Usually when someone sees a wild animal in trouble, he or she wants to help it and make sure it is well fed. However, Wendy Brown, chair of the Animal Welfare Advisory Committee and a licensed wildlife rehabilitation custodian, said feeding a wild animal that is either sick, hurt, or abandoned can make the situation even worse.
“For example, if you find a baby squirrel, if it’s hypothermic and you feed it, that can actually increase the chance it will not make it,” she explained. Brown added giving cow’s milk to any animal is harmful for their health, because they are intolerant to it. Instead, she suggested to keep the animal in a quiet, contained space, such as a box, with ambient heat and away from other animals or people.
“A heat source is good, because often they’re suffering from shock,” she explained.
Brown added it’s important to keep yourself safe when handling a wild animal, by washing your hands, and avoid being bitten. However, you can go to the Middlesex-London Health Unit and bring the animal if you are bitten, so it can be assessed for rabies and other diseases.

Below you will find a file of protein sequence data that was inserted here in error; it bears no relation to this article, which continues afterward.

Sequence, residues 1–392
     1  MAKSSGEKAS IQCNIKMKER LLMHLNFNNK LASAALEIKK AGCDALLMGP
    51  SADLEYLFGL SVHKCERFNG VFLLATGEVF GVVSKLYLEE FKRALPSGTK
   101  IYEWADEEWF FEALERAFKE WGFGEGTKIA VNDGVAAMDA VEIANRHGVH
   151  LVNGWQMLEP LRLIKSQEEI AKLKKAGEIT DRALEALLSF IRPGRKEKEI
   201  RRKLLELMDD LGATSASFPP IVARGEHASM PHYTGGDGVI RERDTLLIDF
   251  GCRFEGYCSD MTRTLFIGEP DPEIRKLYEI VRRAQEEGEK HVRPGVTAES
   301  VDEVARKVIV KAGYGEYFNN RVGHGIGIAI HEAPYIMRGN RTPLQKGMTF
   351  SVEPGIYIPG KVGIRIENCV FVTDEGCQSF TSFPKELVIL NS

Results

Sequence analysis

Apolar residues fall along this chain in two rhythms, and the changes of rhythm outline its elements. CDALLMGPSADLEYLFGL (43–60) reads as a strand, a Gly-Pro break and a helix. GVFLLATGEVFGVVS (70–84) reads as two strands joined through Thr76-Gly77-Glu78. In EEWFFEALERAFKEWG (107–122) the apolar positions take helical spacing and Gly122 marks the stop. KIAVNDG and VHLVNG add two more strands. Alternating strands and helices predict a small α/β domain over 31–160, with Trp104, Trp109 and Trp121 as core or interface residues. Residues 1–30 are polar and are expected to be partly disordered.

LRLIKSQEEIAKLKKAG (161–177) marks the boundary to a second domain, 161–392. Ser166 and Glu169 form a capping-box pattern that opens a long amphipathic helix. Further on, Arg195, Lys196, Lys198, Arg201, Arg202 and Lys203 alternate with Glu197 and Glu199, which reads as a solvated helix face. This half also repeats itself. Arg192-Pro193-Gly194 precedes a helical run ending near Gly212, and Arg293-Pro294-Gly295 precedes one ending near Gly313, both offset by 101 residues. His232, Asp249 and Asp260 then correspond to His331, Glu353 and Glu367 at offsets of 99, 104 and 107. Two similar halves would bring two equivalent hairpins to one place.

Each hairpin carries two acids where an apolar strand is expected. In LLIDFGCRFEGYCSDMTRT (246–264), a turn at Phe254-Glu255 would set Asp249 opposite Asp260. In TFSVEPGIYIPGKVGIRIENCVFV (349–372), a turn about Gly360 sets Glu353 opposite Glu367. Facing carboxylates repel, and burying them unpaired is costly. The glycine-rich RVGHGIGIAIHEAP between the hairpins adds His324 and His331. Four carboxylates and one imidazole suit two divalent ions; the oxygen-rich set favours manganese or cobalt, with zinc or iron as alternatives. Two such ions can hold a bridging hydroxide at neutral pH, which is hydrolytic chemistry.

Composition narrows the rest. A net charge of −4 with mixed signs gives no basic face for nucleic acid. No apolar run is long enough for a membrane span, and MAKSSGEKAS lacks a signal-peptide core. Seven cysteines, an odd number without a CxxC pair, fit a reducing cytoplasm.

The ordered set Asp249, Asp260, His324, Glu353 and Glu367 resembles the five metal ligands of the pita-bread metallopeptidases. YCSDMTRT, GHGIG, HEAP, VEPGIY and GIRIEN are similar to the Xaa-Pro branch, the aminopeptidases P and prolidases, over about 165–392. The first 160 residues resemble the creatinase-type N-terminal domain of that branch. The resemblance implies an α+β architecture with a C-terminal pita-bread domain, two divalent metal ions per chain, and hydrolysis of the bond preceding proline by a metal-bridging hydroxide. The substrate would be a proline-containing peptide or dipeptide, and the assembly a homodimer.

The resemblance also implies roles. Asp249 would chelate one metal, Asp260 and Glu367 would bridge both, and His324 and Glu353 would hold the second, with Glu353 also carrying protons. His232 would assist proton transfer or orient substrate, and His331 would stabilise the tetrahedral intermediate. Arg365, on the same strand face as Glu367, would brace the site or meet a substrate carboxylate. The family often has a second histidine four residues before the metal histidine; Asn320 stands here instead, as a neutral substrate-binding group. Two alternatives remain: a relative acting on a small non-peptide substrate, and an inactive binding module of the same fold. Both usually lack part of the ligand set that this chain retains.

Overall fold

Brown said she gets about one or two calls a week about animals that are either sick, hurt, or abandoned, and most of them are about situations in urban areas of London. She said those areas are dangerous for wild animals for many reasons, such as car crashes, potential poisoning, and getting trapped in an attic. More information can be found on the Ontario Wildlife Rescue website.